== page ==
SLATE contemporary is proud to launch 2013 with an exhibition introducing eight artists new to the gallery.
SILVIA POLOTO: Silvia Poloto is a brazilian-born San Francisco artist working in multi-media formats that combine photography, painting, print-making, wood boxes, resin and fiberglass applications to create romantic, mysterious,and sometimes surreal imagery. She has exhibited across Europe, and was honored to have a solo exhibition at the Triton Museum of Art in 2012. Other 2012 exhibitions included solo shows at Julie Nester Gallery (Park City) and Butters Gallery (Portland) as well as group shows at the SFMOMA Artists Gallery, and at spaces in Boston, Sonoma, and Santa Barbara.
ANDRZEJ MICHAEL KARWACKI: Andrzej Michael Karwacki is a Czech-born artist living and working in Berkeley. His abstract paintings on panel, many of which are covered with a high-gloss resin, attempt to capture states of being, stillness, and equanimity, while delving into a rich sensory experience. He exhibits both nationally and internationally, with a particularly strong representation at galleries and art fairs in the UK.
RICHARD KOCI HERNANDEZ: Richard Koci Hernandez is new to the art market, although he has been shooting art photography and sharing it on instagram (where he has 167,000 followers) for many years. His aesthetic is personal and distinct, with a penchant for noirish cinematic mystery, urban silhouettes, men in hats, and surreal montage made from images shot both locally (he is based in Oakland) and on his travels. This work, combined with his career as a photojournalist, experimental videographer, and professor of new media at UC graduate school for Journalism have earned him an Emmy award, a Ted Talk, and other accolades including interviews in both the New York Times and LA Times.
MAYA KABAT: Maya Kabat not so much paints as builds abstract canvases, applying her pigments with a plaster scraper to build up highly-textured surfaces. Her compositions are geometric, based on the rectilinear forms found in her surrounding urban environment, while also acknowledging the square and rectangular boundaries of the work itself. She lives and works in Berkeley and has had recent exhibits at the SFMOMA Cafe Museo, Claude Lane Gallery (SF), Mercury 20 gallery (Oakland),Rogers Gallery (Portland), and the Dairy Center for the Arts (Boulder).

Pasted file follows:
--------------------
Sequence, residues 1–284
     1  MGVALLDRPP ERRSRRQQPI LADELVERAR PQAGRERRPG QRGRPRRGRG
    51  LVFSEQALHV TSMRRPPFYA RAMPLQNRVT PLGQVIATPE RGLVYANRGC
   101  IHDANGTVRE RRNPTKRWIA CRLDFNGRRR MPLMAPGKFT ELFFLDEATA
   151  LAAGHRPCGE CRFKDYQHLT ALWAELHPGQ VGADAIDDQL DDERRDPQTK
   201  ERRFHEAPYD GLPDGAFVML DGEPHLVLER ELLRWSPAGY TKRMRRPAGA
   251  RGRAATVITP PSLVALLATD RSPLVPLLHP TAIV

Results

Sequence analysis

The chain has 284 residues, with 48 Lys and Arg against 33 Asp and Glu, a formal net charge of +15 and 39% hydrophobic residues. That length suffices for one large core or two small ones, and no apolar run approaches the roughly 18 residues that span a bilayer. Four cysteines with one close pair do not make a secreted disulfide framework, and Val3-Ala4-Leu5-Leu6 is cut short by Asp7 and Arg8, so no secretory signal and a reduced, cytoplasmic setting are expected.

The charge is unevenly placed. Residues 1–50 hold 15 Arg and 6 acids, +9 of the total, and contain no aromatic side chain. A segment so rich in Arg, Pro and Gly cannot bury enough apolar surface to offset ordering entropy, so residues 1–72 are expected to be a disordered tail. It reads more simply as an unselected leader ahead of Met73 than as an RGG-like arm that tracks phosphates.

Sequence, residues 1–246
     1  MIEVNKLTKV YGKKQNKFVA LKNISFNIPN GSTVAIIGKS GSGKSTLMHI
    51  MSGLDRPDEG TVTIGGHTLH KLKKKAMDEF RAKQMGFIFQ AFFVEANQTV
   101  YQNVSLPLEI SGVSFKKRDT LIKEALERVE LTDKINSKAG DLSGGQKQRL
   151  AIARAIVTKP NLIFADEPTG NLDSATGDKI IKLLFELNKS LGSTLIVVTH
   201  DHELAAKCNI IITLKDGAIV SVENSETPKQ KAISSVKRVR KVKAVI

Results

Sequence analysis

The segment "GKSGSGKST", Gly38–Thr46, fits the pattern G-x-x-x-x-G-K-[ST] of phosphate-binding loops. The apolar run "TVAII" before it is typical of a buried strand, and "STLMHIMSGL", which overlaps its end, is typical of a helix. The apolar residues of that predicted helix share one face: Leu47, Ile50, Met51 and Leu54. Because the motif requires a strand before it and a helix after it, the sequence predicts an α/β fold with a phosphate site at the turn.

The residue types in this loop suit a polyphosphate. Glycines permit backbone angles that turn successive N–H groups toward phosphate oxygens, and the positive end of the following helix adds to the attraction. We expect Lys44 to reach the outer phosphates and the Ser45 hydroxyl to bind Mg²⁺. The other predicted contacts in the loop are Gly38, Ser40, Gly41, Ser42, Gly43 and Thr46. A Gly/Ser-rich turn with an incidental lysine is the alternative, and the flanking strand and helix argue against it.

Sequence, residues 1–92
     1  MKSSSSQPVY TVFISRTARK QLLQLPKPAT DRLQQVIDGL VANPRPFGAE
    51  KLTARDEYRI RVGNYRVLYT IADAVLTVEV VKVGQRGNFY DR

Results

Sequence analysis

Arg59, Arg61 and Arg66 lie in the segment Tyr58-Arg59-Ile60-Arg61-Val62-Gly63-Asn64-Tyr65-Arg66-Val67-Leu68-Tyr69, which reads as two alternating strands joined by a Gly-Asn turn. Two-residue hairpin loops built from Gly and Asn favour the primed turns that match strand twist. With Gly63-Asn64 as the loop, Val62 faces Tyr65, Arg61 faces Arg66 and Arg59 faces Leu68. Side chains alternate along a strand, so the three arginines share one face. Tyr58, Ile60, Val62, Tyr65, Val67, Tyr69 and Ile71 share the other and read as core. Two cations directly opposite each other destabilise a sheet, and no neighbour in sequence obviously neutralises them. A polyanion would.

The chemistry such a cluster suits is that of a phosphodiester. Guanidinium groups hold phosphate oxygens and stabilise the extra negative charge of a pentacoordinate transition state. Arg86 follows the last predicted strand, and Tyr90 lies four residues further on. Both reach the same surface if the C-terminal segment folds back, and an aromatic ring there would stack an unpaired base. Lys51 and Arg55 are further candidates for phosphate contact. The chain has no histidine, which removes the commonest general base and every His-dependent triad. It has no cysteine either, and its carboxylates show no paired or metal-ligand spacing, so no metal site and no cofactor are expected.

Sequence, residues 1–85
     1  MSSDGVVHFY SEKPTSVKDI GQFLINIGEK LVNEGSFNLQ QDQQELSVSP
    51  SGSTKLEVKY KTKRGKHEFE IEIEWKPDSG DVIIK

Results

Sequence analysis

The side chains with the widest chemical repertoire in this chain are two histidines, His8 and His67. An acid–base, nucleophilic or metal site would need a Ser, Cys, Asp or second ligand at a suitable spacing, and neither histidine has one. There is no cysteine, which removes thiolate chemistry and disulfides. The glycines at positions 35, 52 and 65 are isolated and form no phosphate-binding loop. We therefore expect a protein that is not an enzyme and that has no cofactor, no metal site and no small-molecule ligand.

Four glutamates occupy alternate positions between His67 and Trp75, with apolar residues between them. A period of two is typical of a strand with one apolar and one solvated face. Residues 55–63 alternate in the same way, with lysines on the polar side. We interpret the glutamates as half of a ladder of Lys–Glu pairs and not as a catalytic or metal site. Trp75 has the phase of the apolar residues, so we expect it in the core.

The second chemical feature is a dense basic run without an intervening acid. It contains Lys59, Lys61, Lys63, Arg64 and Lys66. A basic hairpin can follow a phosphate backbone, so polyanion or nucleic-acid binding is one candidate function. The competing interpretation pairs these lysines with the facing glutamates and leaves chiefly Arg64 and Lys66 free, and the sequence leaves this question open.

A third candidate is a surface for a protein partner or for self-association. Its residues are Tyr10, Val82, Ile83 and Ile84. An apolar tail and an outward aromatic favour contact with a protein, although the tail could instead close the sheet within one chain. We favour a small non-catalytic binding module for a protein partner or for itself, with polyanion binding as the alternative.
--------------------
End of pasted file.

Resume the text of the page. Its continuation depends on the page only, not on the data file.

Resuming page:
CAROL LADEWIG: In the last two years, Carol Ladewig has been making paintings and installations that render an abstract concept (time and its measurement) visual and literal. In these small paintings on canvas, each of which represents a week, she translates a day’s experiences and mood into a single color, and divides the passage into color and black according to the percentage of the moon that was in shadow on that day, creating an eloquent balance between aesthetics and a conceptual practice. Ladewig exhibits regularly at Kala art institute and at other venues in the Bay Area.
DANIELLA WOOLF: Daniella Woolf is an encaustic artist living and working in Santa Cruz. For this exhibition we have selected delicate three-dimensional work made with wax and paper that has been sewn, cut, written and drawn on. The forms feature pattern and repetition, often taking on references to textile fabrication, while challenging the viewer with passages that are both obvious and occluded. She has exhibited in South Korea and Europe, at the Cleveland Museum of Art, the Craft and Folk Art Museum (LA), and in dozens of shows across the United States.
VIVI HARDER: Vivi Harder trained as a painter at Rhode Island School of Design before moving to British Columbia to pursue a career in commercial design. Her recent paintings, which have been exhibited at several galleries in Canada, are quiet statements; carefully balanced formal compositions that evoke silence, thought, and time.
ALICIA WOODS: Alicia Woods’ tiny baskets are made with hand-spun discarded cassette and reel-to-reel tape that are wrapped around scavenged fiber optic cable using traditional basket-making techniques from Pheonecian, Greek, and African cultures, and decorated with parts taken from office printers, VCR tapes and circuit boards. They bring the past and present together, although the modern“high tech” materials Woods uses are themselves already obsolete, worthless in a world where the technology of communication advances at lightning speed. Woods has shown at the Olive Hyde gallery, Pro Arts Gallery, at the Textile Center in Minneapolis, and at the San Jose Museum of Quilts and Textiles.